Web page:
This easy grower gets up to 80 feet tall at maturity and tolerates poor soil conditions. Red Oaks are long-lived like most oaks and prefer acidic soil that is on the dry side. Showy leaves are dark green on top and contrasted with a downy tan coating on the bottom. They don’t need much pruning but if necessary, trim them in late winter or early spring. When established, Red Oaks are drought tolerant. Their acorns take two years to mature and drop and are valued by wildlife.
White Oaks are slow growers, but at maturity reach a stately 50-100 feet tall with an equal spread. They thrive in lawn settings as long as they have adequate space in sun or partial shade. Like other oaks, they prefer acidic soil that is moist, but well-drained, but will adapt to most soil conditions and are moderately drought tolerant. They work best planted away from sidewalks and driveways as their trunks flare out at the bottom. They should be pruned in the winter or early spring before they leaf out. White Oaks also drop acorns after maturity, which wildlife loves.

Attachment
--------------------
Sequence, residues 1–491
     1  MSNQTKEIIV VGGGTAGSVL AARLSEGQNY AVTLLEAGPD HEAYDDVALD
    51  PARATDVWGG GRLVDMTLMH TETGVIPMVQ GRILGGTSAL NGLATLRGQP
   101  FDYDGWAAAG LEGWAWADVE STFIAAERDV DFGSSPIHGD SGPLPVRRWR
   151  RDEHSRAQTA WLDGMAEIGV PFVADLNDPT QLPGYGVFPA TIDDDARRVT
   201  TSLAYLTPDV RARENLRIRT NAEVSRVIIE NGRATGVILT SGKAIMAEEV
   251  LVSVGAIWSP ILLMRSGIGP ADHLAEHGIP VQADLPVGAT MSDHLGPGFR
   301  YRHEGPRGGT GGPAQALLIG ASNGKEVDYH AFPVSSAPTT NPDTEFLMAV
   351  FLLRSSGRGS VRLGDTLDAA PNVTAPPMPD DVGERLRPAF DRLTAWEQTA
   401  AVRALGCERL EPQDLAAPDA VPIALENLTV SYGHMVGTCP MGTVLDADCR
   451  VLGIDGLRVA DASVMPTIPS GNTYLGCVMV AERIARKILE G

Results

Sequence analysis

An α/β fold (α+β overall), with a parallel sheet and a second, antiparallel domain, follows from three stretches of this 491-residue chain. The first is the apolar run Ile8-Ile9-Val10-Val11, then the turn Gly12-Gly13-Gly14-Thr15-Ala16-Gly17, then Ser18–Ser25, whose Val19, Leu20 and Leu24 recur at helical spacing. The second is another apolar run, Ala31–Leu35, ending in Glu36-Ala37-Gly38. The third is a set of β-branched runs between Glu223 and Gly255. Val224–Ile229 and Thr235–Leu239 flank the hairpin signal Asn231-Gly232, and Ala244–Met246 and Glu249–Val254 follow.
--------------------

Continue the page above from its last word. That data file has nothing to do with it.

Willow Oak, sometimes erroneously called Pin Oak in the Southeast is a southeastern native and is widely used in landscapes in the southern US. It has one of the fastest growth rates for an oak and is extremely drought and heat tolerant once established.
Willow Oak requires relocation during its dormant period and provides beautiful yellow fall foliage.